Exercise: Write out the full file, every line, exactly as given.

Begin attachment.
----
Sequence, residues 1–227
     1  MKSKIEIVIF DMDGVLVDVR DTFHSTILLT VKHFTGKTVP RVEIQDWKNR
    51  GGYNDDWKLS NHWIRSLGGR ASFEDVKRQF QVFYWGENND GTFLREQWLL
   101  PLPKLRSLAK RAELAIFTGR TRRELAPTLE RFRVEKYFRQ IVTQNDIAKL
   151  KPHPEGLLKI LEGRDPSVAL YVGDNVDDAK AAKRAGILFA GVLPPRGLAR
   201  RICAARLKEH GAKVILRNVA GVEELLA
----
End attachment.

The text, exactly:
Sequence, residues 1–227
     1  MKSKIEIVIF DMDGVLVDVR DTFHSTILLT VKHFTGKTVP RVEIQDWKNR
    51  GGYNDDWKLS NHWIRSLGGR ASFEDVKRQF QVFYWGENND GTFLREQWLL
   101  PLPKLRSLAK RAELAIFTGR TRRELAPTLE RFRVEKYFRQ IVTQNDIAKL
   151  KPHPEGLLKI LEGRDPSVAL YVGDNVDDAK AAKRAGILFA GVLPPRGLAR
   201  RICAARLKEH GAKVILRNVA GVEELLA